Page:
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Old 03-31-2017, 11:45 AM   #1
holadebob
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Users can only copy/paste files when I set their permissions to 777.


We are trying to set up two users, bob and mary, and both home directories have permissions of drwxr-xr-x. bob is assigned to user group bob,clark, and mary is assigned to user group mary,clark. Admin is clark.

We cannot figure out how to allow bob and mary to copy/paste files and directories inside their respective home directories. mary and bob each have private folders in their home directories that we have been trying to set permissions for. We want bob and mary to each be able to read and write to their own private folders. When we set the private folders permissions to 775, the contents are not writable. In fact, after trying many combinations, 777 is the only permission that will allow bob and mary to copy/paste within their private folders.

Everyone says don't use 777, so we are confused.

The command we are using from root in admin is chmod -R 775 /home/bob/Bob for example, Where Bob is the private folder.

We are using Mint 18.1 Cinnamon on a pc, on one hard drive.
 
Old 03-31-2017, 12:05 PM   #2
Turbocapitalist
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Welcome.

It's a little trickier with group permissions that it ought to be. It comes up often enough that I've written about how it can be done:

https://www.linuxquestions.org/quest...e-users-37043/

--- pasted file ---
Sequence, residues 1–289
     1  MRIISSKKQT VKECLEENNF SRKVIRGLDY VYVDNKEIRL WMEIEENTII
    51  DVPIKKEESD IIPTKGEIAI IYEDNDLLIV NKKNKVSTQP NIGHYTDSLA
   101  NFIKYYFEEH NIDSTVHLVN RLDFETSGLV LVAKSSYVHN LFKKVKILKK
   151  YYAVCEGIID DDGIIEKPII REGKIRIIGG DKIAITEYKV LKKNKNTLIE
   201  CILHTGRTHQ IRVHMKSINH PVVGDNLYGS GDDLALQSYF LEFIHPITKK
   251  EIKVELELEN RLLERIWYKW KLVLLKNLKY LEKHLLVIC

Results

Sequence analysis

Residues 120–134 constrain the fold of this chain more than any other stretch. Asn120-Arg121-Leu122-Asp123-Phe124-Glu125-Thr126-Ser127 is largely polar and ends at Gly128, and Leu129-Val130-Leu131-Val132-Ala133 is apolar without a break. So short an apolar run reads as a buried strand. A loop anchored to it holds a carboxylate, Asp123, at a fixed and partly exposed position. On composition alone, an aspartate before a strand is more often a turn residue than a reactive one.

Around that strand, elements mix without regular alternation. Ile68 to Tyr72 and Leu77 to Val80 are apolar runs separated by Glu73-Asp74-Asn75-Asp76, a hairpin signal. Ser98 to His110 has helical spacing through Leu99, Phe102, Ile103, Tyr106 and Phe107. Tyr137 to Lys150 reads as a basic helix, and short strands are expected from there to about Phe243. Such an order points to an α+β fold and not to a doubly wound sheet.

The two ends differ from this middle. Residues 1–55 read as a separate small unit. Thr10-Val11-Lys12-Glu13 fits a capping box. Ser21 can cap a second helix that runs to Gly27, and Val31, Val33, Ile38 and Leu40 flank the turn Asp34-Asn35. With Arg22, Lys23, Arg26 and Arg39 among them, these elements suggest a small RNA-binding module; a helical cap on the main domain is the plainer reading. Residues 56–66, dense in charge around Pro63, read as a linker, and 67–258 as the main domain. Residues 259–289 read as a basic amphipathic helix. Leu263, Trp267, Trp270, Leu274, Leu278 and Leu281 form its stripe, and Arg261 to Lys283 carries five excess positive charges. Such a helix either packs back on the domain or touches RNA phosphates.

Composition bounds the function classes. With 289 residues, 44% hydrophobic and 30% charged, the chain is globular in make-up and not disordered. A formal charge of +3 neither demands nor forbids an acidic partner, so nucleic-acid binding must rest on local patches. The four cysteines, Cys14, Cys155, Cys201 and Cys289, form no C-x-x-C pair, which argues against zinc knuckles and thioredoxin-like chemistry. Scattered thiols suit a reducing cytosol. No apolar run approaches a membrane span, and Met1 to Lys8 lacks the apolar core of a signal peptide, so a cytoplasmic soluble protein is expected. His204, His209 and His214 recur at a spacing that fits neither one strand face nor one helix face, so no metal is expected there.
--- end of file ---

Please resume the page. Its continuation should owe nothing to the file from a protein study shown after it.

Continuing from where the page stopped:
That's aimed at a different directory, but you can definitely apply the technique to home directories.
 
Old 03-31-2017, 12:06 PM   #3
suicidaleggroll
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Please post the output of:
Code:
id bob
ls -ld /home/bob /home/bob/Bob
Also note that a user's ENTIRE home directory should be private, not just one subdirectory contained within. Things can get screwy fast if users are allowed access to other users' home directories (for example, SSH keys will not work if other users have access to your home directory). It's MUCH better to set up a neutral 3rd location that they can both access for shared work.

Last edited by suicidaleggroll; 03-31-2017 at 12:11 PM.
 
Old 03-31-2017, 12:35 PM   #4
MadeInGermany
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When you say private folder you certainly mean shared or public folder.
Shared folders must have a group that is common to both users and 775 permission.
It can be a common primary group in passwd or a secondary group in group.
In addition an g+s bit makes sense so ls -ld shows drwxrwsr-x. (The g+s bit enforces the common group for new files.)
Best practice is to have project directories outside of /home/ - e.g. in /proj/
 
Old 03-31-2017, 12:41 PM   #5
holadebob
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Hi SuicidalEggroll


bob@office ~ $ id bob
uid=1002(bob) gid=1002(bob) groups=1002(bob),1000(clark)
bob@office ~ $ ls -ld /home/bob /home/bob/Bob
drwxr-xr-x 21 bob clark 4096 Mar 31 12:29 /home/bob
drwxrwxrwx 39 bob clark 4096 Feb 26 15:04 /home/bob/Bob
bob@office ~ $

A common area for shared work is a great idea. I will look into that. Thanks...
 
Old 03-31-2017, 11:35 PM   #6
null-user
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Hi-Ya holadebob

suicidaleggroll is right, it's not a good idea for users to go into each others home directories to read/write stuff. Instead create shared folder(s) for others to collaborate like adding, modifying the contents of the shared folders.

This is easily done by the traditional permission scheme of groups, folder and group ownership and directory permissions.

There is also another method of doing this called ACL Access control List. A more fine tune type of permissions scheme.

Here is a short ten minute youtube video on ACL usage.

https://www.youtube.com/watch?v=6piQXXHTmqk

It's very simple to do.

Last edited by null-user; 04-01-2017 at 02:33 AM.
 
  


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